That’s me and Senator Tim Kaine, the Man who would have been vice President of the United States. Not really but it could have been. He does look like him. And I had Frank convinced that’s who it was. Then he tried to convince us that he was. We camped with these guys three out of five nights.
Such variety of scenery and topography. And to see fall emerge before our eyes. This is what I call the good good.
Our fourth night was at the Trinity shelter and it was kind of crowded. We were sharing it with an outdoor wilderness School of teenage girls. So this made for some cramped camping conditions. As you know I’m generally averse to shelter staying anyway. But it is fairly safe to assume that none of us slept well that night due to the snoring of an unnamed man we will just call Larry.
Our final push was into the last shelter called partnership shelter. this is without a doubt one of the nicest shelters I have ever seen. this night we opted to actually sleep in the shelter given its amenities. That in the impending threat of huge rain. To this point we had unparalleled weather. But a hurricane in the gulf was stirring some things up. partnership shelter is also known as a place for being able to receive pizza delivery. So we all were anticipating this luxury after 5 days on the trail. And of course our eyes were bigger than our stomach.
When they said 28-in Pizza they really meant it. I scarf down eight pieces in one quick swell. Frank ate about six. We were able to give some away to a through hiker, and the rest was donated to the girls outdoor wilderness group when they came rolling in later. Those young ladies were very appreciative. We also hung with two guys who were hucking old school rucksacks. Mark and Zulu were doing a section to Harper’s Ferry. They are intrepid adventurers taking off with old school, heavy gear. But I didn’t hear a single complaint from them. Glad to have shared camps with these fellers. It is a grand section so let’s end with a bit of Gabriella doing what she does best.
That’s legendary triple crowner Bert Emerson there. I was joined by him and Richard for a quick hit overnight on Friday. We left Maryville and headed in for our most used spot.
At 71 years of age this guy has not slowed down a bit. Three times on the Appalachian Trail, three times on the Continental divide, and three times on the PCT. Them’s impressive stats in anyone’s book.
When Rambo is in camp you will not go hungry.
The temperatures have cooled off perfectly. I slept like a log in my new tent. We rose early to get out and back into town so I could begin the second part of my weekend.
There was some homemade Tabasco sauce to be dealt with. I grew a variety of super hot peppers this summer. Ghost, Tabasco, and Scorpion.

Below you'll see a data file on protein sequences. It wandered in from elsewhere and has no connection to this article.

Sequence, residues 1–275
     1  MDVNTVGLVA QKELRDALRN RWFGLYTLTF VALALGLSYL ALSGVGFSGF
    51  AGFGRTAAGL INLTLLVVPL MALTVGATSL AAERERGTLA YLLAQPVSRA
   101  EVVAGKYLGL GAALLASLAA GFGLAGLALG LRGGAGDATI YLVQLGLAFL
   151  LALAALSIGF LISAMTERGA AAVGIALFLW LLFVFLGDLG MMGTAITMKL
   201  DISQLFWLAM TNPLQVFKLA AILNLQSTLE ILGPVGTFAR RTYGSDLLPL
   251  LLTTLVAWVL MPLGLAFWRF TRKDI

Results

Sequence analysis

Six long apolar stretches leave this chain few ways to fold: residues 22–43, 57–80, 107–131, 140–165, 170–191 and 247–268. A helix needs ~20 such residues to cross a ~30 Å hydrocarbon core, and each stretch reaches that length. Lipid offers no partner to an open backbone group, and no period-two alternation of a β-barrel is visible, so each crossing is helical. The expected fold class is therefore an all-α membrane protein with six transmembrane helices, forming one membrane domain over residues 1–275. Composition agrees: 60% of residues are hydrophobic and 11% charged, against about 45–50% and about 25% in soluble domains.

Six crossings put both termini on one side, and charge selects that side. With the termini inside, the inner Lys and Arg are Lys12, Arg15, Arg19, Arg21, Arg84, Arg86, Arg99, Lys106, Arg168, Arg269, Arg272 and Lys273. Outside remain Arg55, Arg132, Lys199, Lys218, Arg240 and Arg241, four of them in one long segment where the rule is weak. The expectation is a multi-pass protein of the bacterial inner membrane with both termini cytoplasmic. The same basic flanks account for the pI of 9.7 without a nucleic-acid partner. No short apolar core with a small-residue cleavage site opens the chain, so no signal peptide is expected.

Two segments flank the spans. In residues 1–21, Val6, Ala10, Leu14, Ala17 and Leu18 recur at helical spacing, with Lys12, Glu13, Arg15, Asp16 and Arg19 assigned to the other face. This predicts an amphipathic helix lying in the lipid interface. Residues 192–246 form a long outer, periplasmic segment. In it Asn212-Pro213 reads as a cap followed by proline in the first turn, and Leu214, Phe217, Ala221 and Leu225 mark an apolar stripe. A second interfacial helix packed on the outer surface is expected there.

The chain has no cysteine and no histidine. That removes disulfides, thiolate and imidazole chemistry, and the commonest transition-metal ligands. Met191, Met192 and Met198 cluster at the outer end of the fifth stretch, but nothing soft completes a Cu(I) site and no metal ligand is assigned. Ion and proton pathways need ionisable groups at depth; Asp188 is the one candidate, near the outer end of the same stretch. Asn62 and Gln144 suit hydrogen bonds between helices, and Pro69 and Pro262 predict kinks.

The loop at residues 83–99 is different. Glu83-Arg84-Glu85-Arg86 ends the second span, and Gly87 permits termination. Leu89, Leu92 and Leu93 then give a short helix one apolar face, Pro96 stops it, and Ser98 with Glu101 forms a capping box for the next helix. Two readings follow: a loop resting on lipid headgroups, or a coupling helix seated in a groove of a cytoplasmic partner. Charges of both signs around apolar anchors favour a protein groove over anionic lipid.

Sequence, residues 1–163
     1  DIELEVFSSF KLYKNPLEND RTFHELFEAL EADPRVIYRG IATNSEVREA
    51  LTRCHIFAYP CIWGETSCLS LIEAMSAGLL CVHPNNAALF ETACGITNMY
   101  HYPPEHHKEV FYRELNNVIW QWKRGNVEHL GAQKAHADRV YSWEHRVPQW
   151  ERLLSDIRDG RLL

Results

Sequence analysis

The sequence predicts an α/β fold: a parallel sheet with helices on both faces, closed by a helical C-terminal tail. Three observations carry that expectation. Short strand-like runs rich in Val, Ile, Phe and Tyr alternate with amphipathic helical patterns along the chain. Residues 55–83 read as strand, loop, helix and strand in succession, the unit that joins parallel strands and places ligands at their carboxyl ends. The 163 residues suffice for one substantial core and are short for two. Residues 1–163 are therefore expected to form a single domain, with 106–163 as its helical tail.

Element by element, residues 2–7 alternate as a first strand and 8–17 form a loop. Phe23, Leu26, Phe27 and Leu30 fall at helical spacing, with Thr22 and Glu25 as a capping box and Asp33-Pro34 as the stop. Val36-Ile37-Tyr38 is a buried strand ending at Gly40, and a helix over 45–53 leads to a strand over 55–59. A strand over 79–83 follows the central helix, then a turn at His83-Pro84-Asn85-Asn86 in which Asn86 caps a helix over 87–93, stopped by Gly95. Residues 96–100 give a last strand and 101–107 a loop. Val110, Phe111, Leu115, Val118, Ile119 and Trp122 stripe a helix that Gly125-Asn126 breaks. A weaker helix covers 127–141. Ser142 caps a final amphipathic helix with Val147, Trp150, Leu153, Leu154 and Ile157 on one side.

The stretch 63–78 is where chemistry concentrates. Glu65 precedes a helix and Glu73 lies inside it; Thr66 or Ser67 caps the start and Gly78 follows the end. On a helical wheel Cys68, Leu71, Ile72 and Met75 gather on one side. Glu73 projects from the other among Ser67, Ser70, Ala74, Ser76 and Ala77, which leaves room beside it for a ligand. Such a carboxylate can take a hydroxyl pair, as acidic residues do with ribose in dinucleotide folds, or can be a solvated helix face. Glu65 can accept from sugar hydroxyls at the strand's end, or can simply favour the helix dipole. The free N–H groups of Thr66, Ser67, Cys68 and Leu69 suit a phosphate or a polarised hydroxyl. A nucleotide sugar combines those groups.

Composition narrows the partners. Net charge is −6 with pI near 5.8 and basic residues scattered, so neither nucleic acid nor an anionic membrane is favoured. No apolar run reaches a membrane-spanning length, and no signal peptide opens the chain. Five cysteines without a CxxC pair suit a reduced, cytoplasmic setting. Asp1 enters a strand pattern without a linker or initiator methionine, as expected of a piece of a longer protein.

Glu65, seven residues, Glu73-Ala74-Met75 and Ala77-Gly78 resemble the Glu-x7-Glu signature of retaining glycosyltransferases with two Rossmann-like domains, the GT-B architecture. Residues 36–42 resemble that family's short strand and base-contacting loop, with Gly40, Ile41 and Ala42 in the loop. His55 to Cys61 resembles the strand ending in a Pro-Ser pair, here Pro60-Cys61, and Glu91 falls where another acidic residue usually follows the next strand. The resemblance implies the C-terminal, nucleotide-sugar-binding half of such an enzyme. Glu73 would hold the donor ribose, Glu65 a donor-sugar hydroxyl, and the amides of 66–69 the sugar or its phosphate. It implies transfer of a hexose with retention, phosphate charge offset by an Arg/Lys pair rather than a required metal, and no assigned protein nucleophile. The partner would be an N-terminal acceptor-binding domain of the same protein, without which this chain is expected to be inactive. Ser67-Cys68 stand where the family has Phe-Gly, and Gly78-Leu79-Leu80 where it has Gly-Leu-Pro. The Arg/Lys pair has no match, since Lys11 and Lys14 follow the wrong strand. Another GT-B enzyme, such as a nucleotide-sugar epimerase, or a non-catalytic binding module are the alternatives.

This set me up perfectly for Sunday morning’s activities.
Scotty Bower is making his first lap at the Obed. I was delighted to escort him on his first trip to the area. We had the place to ourselves for a good hour and a half before the mongrel hordes invaded.
Soon we were joined by Micah, Catherine and Mikayla. Scotty had to be back in Knoxville so we drifted on over to the North Clear area of the Obed. Here can be found some great traditional climbing lines along with little used pieces of sandstone.
That’s Micah putting up a trad line on a route named “Beer 30”.
Getting into North clear means negotiating an obstacle known as The squeeze ledge.
We are so blessed to have this amount of outdoor activity in our region. The Obed is world-class climbing.
I hope that everyone is enjoying this beautiful weather. Backpacking season is on.√
Myers organized this outing. He has a group of friends that were in grammar school together. And all these guys are still reuniting annually. Pretty impressive giving their advanced ages. One of them, Joe owns land on the Holston River. That is where we embarked this beautiful and hot Saturday afternoon.
(I know, it looks like a casting call for Deliverance.)
I am ever eyeing potential climbing spots. There’s some really good bluff line down along that section.
When Seth is in tow you know the photography is going to be exceptional.
This was undoubtedly the highlight of our trip. the largest bald eagle I have ever encountered swooped down over us and landed in a tree hanging over the river. He posed for us for a good while. We floated five and a half miles down to the Indian cave. Like Tom and Huck we were on our Mississippis. This summer has been a river for me. From my bike ride along the Missouri, to my home along the Tennessee. The Holston and French broad feed this water. I’m reminded of a poem by Langston Hughes. I will include it at the end.
Although it was a short outing I very much needed some time along the waterway. It was good to hang out with Myers and Seth again. Myers friends are very interesting characters. You can feel the history between them.
The Negro Speaks of Rivers
Old Brian Moran learned quickly that people here in Knoxville know him as Broad Peak Brian.( I just call him Bugsy.)
And most everyone who knows me knows why. But for those of you who don’t, here is a brief explanation. It was Brian who was with me on that ill-fated trip to Broad Peak Pakistan in 2013. Just about anything that could go wrong did go wrong on that expedition,. not the least of which was Brian taking a hundred foot spill at 20000 feet. The result was his leg shattered. The rest of the story would take too long for me to tell you right now. Which is why I put it in book form and you may purchase a copy at this link. https://www.amazon.com/Tempting-Throne-Room-Surviving-Pakistans/dp/1494845849